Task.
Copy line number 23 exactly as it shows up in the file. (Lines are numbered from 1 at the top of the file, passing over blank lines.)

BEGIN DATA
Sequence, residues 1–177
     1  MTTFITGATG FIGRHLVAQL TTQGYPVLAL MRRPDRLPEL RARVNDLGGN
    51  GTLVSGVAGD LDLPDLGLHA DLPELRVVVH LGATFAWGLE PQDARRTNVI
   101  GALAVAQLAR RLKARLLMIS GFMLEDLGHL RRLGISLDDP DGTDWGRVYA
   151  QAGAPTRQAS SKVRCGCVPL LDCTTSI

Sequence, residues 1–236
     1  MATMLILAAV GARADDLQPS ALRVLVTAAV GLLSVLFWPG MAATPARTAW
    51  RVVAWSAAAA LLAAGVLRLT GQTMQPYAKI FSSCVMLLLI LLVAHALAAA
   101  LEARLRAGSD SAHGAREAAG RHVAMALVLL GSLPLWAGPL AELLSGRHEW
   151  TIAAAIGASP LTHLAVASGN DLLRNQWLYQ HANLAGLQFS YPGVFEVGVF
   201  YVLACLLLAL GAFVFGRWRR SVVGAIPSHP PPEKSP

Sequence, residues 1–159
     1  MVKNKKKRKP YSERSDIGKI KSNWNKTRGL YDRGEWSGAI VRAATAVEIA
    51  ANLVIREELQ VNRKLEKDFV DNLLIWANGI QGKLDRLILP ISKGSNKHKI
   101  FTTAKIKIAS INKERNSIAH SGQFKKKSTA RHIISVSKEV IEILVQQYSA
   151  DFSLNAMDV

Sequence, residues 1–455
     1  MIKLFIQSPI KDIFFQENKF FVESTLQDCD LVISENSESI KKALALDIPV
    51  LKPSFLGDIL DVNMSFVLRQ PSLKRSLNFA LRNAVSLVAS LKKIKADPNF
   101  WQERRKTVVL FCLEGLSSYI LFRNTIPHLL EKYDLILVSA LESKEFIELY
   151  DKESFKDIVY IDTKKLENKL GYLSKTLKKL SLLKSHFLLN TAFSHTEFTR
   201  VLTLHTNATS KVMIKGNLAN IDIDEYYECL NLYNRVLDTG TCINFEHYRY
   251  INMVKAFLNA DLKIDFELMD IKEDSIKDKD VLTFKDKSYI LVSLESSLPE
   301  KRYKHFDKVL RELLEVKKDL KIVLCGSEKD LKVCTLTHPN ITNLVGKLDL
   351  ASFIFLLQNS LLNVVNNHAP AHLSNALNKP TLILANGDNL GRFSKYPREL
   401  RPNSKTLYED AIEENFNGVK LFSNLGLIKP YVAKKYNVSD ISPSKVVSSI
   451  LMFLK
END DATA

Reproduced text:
   251  INMVKAFLNA DLKIDFELMD IKEDSIKDKD VLTFKDKSYI LVSLESSLPE